Taos Behavioral Health (TBH) provides comprehensive behavioral health services to individuals, families and groups to support them in developing positive behaviors and making life-affirming choices.

TBH is a nonprofit organization serving the mental health needs of adults, children, families, and veterans in Taos County.

We are here for you with the largest staff of credentialed and licensed behavioral health workers in Northern New Mexico. Our counselors work across the life span of those in need of guidance and counseling.

We are here for adolescents struggling with anxiety or fears . . . for adults, children, couples, and families dealing with critical life issues. . . for LGBTQ individuals and families struggling with gender questions . . . and for veterans confronting trauma and military-specific matters.

We have grown in staff and experience, all due to the continued support from our schools, town, county leaders and our community. Thank you, Taos! Thank you for the collaboration and support.

Call us at 575-758-4297.


With the Governor’s recently announced closing of all New Mexico schools until the end of the school year, families in Taos will be challenged to cover care and supervision for their children. The board and staff at Taos Behavioral Health feel strongly that we need to respond to these needs. With the state closing of schools, we do not have access to any space from the school district. Therefore, we have developed a plan to work on site together with all our clients so that services can still be provided.

Outpatient therapy services will continue via telemed services and clients should keep their usual appointments. To protect our clients’ health, we have the guidance from the state Department of Health that establishes a protocol for keeping our space free of contamination. Each time a staff member or client enters our space, hand washing will be required. Rooms and equipment will be sanitized after each client session and at the end of a youth group. We have sanitizing equipment available to make certain this is done safely.

We will question clients about their travel or exposure to other family members who may have been in a high incident area of the virus and advise them to self-isolate. As of Saturday, March 28 we had 208 cases of the virus reported in the state—with 8 in Taos. Regardless, we must be vigorous and relentless to protect our clients and staff and prevent the spread of the virus.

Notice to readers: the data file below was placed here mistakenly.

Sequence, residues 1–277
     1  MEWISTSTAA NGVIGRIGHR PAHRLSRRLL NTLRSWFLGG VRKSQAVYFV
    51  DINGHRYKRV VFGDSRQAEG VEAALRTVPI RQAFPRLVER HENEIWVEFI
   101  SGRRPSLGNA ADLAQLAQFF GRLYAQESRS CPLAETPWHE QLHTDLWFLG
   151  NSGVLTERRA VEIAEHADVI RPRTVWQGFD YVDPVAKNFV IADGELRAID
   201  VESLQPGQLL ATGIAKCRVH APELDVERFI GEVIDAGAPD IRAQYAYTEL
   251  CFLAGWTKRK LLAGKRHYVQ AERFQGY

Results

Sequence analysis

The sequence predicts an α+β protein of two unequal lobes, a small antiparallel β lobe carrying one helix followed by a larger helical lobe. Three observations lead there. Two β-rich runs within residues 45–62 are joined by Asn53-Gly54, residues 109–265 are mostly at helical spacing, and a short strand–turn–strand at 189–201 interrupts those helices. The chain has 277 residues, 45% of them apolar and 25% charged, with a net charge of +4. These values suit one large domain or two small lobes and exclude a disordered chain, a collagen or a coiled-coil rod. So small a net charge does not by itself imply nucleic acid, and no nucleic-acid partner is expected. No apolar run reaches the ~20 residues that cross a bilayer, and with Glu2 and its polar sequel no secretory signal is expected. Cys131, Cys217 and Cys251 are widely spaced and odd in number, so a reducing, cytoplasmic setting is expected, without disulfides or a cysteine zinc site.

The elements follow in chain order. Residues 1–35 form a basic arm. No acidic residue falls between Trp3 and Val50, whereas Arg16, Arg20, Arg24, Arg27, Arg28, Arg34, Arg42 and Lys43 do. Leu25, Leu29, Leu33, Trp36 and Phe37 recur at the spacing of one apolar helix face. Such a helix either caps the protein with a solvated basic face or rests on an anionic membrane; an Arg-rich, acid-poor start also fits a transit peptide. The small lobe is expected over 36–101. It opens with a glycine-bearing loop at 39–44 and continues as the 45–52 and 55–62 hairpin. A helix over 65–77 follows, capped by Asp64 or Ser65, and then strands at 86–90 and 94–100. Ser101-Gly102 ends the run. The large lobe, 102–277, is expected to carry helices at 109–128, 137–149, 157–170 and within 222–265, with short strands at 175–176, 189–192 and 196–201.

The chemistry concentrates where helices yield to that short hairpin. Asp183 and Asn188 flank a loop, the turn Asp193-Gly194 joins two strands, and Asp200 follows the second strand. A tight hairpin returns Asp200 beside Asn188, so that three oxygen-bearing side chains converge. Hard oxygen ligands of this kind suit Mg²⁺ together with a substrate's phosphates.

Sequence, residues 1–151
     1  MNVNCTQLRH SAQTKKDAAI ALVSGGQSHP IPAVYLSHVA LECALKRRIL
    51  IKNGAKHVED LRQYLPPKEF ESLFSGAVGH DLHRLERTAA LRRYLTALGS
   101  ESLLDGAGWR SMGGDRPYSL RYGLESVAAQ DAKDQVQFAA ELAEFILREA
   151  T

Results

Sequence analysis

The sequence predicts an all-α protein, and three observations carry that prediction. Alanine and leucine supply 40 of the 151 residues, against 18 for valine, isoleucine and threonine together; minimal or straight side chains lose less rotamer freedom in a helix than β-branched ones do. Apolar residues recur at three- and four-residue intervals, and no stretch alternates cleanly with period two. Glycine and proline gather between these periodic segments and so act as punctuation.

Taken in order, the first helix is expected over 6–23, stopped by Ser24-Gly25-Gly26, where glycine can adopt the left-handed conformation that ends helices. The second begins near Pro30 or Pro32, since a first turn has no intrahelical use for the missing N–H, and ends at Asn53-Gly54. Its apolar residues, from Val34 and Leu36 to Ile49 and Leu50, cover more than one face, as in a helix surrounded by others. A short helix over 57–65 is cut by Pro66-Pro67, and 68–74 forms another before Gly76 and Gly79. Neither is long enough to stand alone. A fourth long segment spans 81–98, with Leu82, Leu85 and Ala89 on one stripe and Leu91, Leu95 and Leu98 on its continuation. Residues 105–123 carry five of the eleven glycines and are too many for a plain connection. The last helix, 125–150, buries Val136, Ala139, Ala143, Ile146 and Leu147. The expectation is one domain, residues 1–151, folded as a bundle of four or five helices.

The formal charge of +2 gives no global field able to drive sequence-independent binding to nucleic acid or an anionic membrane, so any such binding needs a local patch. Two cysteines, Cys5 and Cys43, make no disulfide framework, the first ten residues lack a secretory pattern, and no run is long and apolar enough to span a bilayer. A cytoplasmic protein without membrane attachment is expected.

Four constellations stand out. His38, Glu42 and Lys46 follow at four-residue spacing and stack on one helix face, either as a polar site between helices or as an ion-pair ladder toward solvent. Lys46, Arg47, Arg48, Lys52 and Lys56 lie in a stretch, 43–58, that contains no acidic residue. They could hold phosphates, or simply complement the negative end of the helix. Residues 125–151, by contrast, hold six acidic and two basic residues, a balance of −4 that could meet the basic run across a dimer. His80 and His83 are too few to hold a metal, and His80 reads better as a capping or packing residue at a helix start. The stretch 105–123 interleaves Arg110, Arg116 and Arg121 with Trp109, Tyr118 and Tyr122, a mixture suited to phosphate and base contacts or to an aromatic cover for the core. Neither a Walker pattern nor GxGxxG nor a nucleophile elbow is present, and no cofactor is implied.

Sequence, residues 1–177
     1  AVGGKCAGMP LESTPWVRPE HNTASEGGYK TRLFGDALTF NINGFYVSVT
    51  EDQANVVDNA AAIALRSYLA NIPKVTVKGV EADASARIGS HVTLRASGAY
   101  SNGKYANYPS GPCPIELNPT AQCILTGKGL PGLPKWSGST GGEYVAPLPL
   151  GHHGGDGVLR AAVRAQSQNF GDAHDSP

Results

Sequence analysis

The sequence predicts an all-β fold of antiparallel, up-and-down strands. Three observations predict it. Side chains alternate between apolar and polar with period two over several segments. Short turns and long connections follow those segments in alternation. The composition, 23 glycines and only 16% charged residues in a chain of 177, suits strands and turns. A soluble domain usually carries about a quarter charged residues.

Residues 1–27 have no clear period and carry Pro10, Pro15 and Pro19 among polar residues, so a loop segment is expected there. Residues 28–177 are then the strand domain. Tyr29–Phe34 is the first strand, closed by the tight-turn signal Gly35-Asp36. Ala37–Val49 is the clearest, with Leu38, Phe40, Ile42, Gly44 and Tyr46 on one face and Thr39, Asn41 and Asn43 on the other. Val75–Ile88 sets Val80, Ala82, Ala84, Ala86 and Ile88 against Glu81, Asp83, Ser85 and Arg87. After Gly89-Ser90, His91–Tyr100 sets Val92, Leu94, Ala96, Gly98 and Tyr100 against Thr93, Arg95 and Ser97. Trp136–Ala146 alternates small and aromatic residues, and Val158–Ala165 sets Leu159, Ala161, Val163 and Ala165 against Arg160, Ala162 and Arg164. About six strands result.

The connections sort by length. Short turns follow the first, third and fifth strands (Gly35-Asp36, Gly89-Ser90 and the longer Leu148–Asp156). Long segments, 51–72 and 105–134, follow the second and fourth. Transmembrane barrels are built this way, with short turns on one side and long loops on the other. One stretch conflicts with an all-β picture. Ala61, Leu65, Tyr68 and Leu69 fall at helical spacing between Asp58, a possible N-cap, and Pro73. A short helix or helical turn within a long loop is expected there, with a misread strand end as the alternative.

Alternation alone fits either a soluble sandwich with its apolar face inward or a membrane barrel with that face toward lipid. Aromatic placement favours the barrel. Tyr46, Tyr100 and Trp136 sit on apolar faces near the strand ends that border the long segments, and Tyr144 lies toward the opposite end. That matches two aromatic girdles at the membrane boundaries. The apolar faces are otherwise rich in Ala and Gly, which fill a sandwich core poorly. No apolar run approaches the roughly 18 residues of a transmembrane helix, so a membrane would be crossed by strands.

Taos schoolteachers had been anticipating such a school closure and have worked to provide kits of lessons and study guidance for their students. TBH will utilize these in our programing for youth clients. We will provide a full day of programing for our Familia Y Mundo clients utilizing our own space and the creativity of all staff. Study support will be available, and the days will include as much fresh air outside activities as realistic. Our offices are within walking distance of ECHO Park and we will use rental vans for trips to further sites. Obviously, the students will learn a great deal about disease spread and how to keep themselves safe.

For families with youth seen individually at school sites, TBH staff have been informing them of the new temporary location for these services. The TBH Family Center has its own rooms and youth and parent clients will be seen there. For many of these families patching together supervision and care for the rest of the day will be difficult.

The students in Taos all receive free lunch and with no school will mean some nutritional gaps for many students. The TBH staff have been delivering school lunch to those families who cannot pick it up. TBH will purchase food for those who cannot obtain it. Donations of individual meal packets would be gratefully accepted.

We believe we can provide important information to all our clients about how to keep themselves well and deal realistically with the fears and stress of this pandemic. It will mean caring for each other in wise and prudent ways. We know that with more people staying at home, phone lines may be slower and those without fiber optic service may experience frustratingly slow interaction. This will take patience and skill from us all. Working aggressively, we hope that New Mexico will be able to handle this health emergency and experience fewer cases than other states that are already deeply impacted. Your cooperation and comments are welcome as we work on this together.